Why is the Lottery So Popular?


The casting of lots to make decisions and determine fates has a long history (it is mentioned several times in the Bible). State-sponsored lotteries, however, are comparatively recent. Initially, they were promoted as ways for states to generate revenue without heavy taxation on the middle and working classes.2

This arrangement proved to be successful in terms of generating revenues for the state, but it has also been criticized on other grounds. It has been alleged that lotteries encourage addictive gambling behavior, serve as a major regressive tax on lower-income groups, and generally increase inequality in society.

In most cases, states legislate a monopoly for themselves; establish a public corporation to run the lottery; begin operations with a modest number of relatively simple games; and then, in response to continuing pressure for additional revenues, progressively expand the portfolio of available lottery games. Revenues typically expand dramatically at first, but they eventually level off and may even decline, requiring constant innovation in order to maintain and increase revenues.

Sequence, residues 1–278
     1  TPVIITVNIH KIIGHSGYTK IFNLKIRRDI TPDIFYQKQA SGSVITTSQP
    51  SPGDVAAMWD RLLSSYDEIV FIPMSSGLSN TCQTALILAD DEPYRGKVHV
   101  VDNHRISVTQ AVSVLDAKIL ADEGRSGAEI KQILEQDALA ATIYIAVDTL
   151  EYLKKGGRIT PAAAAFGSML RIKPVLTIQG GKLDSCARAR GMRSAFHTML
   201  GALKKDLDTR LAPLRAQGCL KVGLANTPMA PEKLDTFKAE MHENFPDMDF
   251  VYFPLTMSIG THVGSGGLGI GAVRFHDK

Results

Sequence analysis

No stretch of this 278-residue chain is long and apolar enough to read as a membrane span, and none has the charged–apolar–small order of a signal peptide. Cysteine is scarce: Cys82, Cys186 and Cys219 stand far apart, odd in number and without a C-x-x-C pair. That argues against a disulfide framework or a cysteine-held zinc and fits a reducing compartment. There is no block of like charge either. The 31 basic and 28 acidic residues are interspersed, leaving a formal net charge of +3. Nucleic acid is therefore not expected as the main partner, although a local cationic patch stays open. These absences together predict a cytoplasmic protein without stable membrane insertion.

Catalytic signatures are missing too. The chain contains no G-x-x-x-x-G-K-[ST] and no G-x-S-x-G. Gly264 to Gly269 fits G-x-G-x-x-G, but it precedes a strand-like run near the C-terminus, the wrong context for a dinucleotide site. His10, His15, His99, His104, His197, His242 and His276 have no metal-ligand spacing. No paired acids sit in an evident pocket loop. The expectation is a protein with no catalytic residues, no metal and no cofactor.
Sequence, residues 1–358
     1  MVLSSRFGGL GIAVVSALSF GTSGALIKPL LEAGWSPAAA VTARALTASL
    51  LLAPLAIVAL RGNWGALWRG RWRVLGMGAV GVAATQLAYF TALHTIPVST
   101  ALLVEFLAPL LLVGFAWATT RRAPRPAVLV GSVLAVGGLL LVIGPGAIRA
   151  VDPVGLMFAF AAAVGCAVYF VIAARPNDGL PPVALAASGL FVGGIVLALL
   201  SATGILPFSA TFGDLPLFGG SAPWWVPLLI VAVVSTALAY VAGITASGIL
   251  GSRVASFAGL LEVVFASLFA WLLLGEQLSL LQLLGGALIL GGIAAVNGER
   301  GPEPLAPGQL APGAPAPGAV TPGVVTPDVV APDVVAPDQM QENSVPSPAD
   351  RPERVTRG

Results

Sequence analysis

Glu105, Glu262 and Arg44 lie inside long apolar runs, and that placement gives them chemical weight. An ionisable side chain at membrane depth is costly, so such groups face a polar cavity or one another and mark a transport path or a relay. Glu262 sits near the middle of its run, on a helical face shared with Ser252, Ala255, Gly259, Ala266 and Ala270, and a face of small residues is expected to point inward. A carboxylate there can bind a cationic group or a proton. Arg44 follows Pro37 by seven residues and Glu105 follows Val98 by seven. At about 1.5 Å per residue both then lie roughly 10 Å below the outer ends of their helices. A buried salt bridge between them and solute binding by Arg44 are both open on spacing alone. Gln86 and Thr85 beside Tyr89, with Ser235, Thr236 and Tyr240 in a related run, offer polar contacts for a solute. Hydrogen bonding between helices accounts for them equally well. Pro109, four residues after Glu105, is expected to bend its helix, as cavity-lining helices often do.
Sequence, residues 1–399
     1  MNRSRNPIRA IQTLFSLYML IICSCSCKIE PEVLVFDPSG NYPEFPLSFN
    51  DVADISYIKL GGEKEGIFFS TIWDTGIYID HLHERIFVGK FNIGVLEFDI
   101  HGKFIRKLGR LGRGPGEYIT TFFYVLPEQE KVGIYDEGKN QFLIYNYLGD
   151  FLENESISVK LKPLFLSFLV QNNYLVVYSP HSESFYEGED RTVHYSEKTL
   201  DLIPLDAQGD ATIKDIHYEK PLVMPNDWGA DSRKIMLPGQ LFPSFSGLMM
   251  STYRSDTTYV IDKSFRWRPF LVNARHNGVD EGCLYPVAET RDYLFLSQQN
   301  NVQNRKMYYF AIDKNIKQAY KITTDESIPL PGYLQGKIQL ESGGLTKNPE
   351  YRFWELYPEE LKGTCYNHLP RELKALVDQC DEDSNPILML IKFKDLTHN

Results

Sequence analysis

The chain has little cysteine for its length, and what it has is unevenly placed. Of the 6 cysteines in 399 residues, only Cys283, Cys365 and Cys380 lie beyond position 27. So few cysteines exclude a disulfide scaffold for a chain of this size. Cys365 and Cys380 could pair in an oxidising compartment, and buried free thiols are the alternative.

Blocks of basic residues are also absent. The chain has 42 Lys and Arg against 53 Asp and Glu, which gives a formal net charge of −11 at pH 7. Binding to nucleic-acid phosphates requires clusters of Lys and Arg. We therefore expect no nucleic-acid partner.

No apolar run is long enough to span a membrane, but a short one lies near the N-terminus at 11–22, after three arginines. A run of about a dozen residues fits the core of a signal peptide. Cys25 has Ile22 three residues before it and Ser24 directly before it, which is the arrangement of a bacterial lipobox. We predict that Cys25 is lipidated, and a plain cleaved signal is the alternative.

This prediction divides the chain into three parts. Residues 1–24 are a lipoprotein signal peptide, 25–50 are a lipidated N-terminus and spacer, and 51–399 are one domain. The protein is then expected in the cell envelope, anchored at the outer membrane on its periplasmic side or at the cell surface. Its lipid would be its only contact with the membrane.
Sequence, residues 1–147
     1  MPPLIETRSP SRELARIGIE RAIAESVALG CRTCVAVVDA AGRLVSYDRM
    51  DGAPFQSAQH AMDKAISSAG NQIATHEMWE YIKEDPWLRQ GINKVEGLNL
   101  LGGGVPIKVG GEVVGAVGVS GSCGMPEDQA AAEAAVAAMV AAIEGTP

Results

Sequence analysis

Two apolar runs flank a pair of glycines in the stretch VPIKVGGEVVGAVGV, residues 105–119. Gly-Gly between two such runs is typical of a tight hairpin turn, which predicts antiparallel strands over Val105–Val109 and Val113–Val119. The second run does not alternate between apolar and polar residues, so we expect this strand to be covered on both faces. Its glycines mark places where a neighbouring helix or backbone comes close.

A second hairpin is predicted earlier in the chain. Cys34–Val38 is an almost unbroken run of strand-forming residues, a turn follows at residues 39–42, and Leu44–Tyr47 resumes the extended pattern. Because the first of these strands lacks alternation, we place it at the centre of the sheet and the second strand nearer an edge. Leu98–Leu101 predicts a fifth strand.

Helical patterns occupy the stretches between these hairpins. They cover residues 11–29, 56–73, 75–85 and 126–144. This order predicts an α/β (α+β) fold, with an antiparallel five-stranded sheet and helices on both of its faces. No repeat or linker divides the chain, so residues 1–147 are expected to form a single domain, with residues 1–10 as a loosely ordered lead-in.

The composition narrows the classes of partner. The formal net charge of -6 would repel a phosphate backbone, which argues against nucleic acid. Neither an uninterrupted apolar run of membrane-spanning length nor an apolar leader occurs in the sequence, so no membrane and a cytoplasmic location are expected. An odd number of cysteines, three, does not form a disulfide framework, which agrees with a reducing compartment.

There is a basic human desire to gamble, and lottery advertising exploits this. In addition, lottery advertising is effective because people believe that the jackpots advertised on billboards are in fact real. Moreover, people feel that there is no other option for them other than to play the lottery. This combination of factors explains why the lottery is so popular, even in states where the financial health of the government is not especially high.